Cooling tower systems vary in size and design, but they serve as one general purpose: to expel heat from equipment and cool them down. In this article, we’ll talk about what cooling towers are and their purpose. We’ll also talk about the different types of systems you can make with them.
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What is a Cooling Tower?
A cooling tower is a heat-removal device that transfers waste heat into the atmosphere. Industrial cooling towers operate by removing heat from water by evaporating a small volume of water, which then reduces the temperature of the water being circulated through the tower. Cooling towers help expel building heat into the atmosphere while returning colder water into the chiller. Overheated water goes through the cooling tower parts, which then circulates and exposes it to cool dry air. Heat leaves through evaporation, and colder water then reenters the air conditioning equipment or process to cool equipment. This cycle repeats over and over again
Types of Cooling Towers
Cooling towers are categorized by the type of draft they create (natural or mechanical) and by the airflow direction (cross or counter).
Natural Draft Cooling Towers
These cooling tower systems are used for huge power plants and industries that have infinite cooling water flow. The tower removes waste heat by expelling hot air into the atmosphere. These towers are often tall and have a hyperbolic shape to induce better airflow.
Mechanical Draft Cooling Towers
Mechanical draft tower systems force air through the structure by a fan that circulates air through the tower. These systems often use propeller fans and centrifugal fans. Mechanical draft cooling towers are more effective than natural draft cooling towers. However, they’re also more expensive to operate and eat up more power.
Crossflow Cooling Towers
These cooling towers let air flow horizontally to the fill and the entire structure into an open plenum area. Hot water then flows downward from distribution basins. These systems have fans and motor drive, which require weatherproofing and protection against moisture. That in turn can lead to freezing.
Counterflow Cooling Towers
In these systems, air moves up and the hot water counter-current falls downward to cool the air. This results in maximum performance in each area and helps minimize pump requirements. In cold weather conditions, counterflow cooling towers are less likely to ice up, saving more energy in the long run.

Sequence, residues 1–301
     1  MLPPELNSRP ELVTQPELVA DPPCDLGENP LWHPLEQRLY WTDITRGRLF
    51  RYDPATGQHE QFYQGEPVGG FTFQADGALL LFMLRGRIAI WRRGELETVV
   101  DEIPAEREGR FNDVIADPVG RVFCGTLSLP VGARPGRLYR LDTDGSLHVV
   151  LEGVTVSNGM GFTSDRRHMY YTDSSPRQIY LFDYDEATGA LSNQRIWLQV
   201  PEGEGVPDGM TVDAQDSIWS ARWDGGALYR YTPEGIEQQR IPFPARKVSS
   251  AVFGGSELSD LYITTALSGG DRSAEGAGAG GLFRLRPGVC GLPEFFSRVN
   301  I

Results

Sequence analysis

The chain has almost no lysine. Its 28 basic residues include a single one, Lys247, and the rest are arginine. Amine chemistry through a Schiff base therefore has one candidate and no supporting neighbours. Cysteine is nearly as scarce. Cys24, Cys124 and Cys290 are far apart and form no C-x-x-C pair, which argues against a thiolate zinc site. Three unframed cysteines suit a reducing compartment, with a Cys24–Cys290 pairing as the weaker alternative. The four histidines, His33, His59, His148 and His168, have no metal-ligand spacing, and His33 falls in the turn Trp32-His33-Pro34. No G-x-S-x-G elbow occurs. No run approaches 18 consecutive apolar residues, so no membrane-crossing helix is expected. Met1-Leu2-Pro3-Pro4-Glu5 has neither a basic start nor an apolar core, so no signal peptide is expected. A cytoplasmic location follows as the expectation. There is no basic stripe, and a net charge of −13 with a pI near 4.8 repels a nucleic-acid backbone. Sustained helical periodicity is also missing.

Induced Draft Cooling Towers
Induced draft towers typically have a mounted fan at the top, and the fan allows hot air out while pulling air throughout. The exiting air has high velocities, which minimized the chance of recirculation. These towers also have drift eliminators to prevent water droplets from the leaving air stream. These are 30% to 75% less energy compared to forced draft towers.
Forced Draft Cooling Towers
These cooling towers are similar to induced drafts except the fan is placed at the base of the tower. The air then blows through the entire structure from the bottom. Few industries use forced draft cooling towers because of issues with water distribution, how power consumption in fans, and the challenge of recirculation.
FAP vs FEP Cooling Towers
Factory assembled products (FAP) cooling towers are shipped in a disassembled manner or by sections. They are often ready for final assembly when received. They can be induced draft, crossflow, forced draft, or counterflow systems, depending on their application. Meanwhile, field-erected products (FEP) cooling towers are usually constructed on the final destination site. The cooling tower manufacturer often handles the construction process, final assembly, and overall labor involved. These towers can be counterflow or crossflow, depending on their field of application. For heavy industrial usage, FEP cooling towers can be built to your exact specifications.